Luke has two little girls ages 5 and 7. I watched them play in the water, remembering when I was right between their age and watching my younger brothers in the water. It really gives me perspective on how young I was when given great responsibility. Luke worries that his kids hate him because he is a perfectionist who demands perfection. Luke is a great dad. I sometimes feel like my kids hate me and I don’t demand perfection. I don’t demand much of anything. I want them to have something that I didn’t have, a childhood. 

I felt like I could really relate with Luke. We are so much alike as adults even though we coped with life in totally different ways in our youth. The pendulum took us from our extremes to a common middle. He is no longer the party animal. He is serious and thoughtful. I came out of my shell. I no longer feel a lot of anxiety about spending time with the extended family. I am hoping that we can finally forge a relationship. 

Fish out of water

Drip, drip, drip. Water runs slowly at first, seeping into the basement. The water threatens my dad’s graveyard of electronics. Radios, VCR’s, some his for hobby, but mainly electronics that need fixing or are unfixable. Broken parts, machines on the floor open from the last ditch effort operation to save them. Laughter. “Dad is going to be mad” said Matt. Matt has a new obsession. When no one is watching he goes into the laundry room on the first floor and overflows the utility tub. Laughter. My dad yells in horror at the prospect of his electronics’ burial in water. Matt flooded the house multiple times over the year. I can’t pinpoint when this obsession started or ended, it happened about 3 decades ago.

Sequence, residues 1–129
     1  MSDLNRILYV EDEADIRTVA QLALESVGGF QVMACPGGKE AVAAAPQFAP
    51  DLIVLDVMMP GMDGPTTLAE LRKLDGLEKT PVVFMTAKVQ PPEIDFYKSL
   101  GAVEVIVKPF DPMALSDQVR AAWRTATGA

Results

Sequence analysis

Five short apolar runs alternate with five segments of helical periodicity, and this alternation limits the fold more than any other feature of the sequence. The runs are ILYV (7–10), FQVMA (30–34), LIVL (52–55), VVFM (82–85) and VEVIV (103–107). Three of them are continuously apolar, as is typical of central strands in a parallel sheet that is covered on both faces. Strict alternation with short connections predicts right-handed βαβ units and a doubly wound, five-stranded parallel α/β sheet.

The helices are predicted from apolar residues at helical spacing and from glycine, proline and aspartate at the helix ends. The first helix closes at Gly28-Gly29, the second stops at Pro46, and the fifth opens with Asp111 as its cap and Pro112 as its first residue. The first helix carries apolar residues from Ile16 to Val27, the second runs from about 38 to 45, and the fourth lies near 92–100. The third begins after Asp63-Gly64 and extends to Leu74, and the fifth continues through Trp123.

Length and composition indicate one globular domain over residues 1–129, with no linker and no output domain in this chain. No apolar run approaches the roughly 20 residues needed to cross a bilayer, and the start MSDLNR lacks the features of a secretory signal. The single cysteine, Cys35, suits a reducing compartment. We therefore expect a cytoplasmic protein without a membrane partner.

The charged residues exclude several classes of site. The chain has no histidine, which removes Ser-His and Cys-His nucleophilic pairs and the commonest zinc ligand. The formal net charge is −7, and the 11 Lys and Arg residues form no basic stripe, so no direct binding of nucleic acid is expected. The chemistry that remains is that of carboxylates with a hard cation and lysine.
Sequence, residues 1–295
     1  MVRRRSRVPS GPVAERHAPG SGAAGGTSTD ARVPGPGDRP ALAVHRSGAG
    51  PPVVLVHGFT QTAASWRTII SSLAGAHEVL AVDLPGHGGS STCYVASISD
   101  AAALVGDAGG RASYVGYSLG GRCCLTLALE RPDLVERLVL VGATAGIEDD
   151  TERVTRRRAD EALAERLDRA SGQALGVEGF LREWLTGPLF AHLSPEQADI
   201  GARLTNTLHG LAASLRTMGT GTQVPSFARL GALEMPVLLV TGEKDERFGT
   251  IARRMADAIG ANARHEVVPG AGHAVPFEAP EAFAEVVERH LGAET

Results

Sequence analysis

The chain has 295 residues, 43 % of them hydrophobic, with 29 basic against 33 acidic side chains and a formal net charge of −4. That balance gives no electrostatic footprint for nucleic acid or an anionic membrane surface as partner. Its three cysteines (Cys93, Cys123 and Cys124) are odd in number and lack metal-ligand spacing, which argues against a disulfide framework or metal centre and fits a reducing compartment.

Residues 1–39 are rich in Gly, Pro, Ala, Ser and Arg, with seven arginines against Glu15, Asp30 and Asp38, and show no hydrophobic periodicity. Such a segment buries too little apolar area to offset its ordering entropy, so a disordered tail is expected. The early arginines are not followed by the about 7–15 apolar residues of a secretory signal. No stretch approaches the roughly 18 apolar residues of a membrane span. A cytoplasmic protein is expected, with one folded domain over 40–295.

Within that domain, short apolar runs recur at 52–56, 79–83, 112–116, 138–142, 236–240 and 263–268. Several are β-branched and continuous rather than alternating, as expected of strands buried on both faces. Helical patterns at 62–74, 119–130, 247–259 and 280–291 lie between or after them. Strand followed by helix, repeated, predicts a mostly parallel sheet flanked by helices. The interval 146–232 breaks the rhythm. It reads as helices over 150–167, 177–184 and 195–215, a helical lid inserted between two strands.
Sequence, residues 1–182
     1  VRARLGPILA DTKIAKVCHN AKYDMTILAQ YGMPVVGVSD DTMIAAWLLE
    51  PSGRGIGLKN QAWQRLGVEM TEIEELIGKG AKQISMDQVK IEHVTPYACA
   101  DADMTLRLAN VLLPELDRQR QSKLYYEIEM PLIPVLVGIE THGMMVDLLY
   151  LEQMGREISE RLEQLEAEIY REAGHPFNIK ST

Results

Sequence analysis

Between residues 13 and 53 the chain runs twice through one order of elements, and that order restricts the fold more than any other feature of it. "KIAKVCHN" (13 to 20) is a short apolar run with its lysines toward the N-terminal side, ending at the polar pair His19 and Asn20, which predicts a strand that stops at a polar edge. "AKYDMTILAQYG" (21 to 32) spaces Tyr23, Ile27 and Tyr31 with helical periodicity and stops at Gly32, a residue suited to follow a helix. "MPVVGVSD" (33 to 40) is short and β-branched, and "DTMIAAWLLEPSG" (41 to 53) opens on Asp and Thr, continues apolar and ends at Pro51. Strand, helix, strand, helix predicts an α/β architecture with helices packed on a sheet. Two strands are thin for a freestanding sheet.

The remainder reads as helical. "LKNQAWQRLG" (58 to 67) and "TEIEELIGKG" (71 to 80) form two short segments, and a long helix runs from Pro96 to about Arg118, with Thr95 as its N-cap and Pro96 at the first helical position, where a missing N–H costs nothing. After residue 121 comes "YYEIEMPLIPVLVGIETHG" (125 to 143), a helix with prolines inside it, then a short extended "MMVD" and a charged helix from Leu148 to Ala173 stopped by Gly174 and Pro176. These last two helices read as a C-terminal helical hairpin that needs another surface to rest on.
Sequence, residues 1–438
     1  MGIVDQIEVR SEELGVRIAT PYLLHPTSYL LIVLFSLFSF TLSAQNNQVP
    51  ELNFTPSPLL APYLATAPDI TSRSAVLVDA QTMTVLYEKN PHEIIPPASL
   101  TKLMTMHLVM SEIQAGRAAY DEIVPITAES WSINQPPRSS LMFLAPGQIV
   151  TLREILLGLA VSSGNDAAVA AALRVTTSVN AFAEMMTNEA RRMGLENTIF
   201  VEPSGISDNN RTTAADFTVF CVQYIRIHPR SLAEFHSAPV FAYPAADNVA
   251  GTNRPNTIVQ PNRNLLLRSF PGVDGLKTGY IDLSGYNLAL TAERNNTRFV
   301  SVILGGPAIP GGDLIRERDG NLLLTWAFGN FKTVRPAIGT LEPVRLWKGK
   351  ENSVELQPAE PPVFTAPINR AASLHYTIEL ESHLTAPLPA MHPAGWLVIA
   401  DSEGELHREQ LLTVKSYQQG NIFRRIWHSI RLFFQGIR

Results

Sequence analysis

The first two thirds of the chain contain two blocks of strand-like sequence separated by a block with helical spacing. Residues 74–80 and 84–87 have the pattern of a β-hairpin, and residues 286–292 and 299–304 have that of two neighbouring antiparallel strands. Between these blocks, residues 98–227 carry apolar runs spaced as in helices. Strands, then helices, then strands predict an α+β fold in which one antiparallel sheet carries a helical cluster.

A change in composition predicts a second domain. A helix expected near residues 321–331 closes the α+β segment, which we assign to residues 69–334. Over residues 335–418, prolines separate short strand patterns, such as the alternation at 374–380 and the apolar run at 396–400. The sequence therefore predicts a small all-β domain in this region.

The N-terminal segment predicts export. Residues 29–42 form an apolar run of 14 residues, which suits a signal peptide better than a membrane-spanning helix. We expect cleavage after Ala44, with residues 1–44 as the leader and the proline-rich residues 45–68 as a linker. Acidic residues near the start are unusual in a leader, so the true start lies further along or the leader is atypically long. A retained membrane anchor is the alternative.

Drip, drip, drip. Water runs slowly towards the basement. This time the fish tank broke that was sitting by the front door that no one uses. Luke used the front door that day. He flung the door open and the door knob went right through the fish tank. Luke and I try to grab the fish, save them. I reach my hand in to grab a fish. The fish is slimey. I scream and pull back my hand cutting my arm on the broken glass. My dad enters the scene and is mad because the water is everywhere. My dad grabs me by the arm and throws me out of the house. He said, “Go get f*cked and get the hell out of my house.”  I wander around outside crying. I was only trying to save a fish. My mom had to call over my grandma that night. She was the only one who could console me. 

Just low

I feel down today. Just low. I feel like I am climbing a mountain and can never reach the top. Running uphill and only getting a few feet from the ground. Why do I try so hard? Why must I run this marathon? Literally. I am exhausted. Tears escape my eyes with little or no provocation. Sleep is restless. I don’t want to talk. I don’t want to work. I don’t want to run. I don’t feel like eating.  My muscles all ache. I haven’t felt this way for awhile, but it is no stranger to me. 

It started on Father’s Day with a slow descent. I thought maybe it was because I was mourning the relationship with my father that I never had and will most likely never be. Wishing for a moment that someone else was my father. Feeling envious of his daughters. Why was I never good enough? What is wrong with me? 

I did conquer a fear on Sunday. A fear of driving over high bridges. But I only did it because I was trying to avoid another fear, the fear of being late. Does that count? I don’t know anymore. I am trying to keep my head above water and to keep climbing that mountain. I am sure this moment of moodiness will soon pass.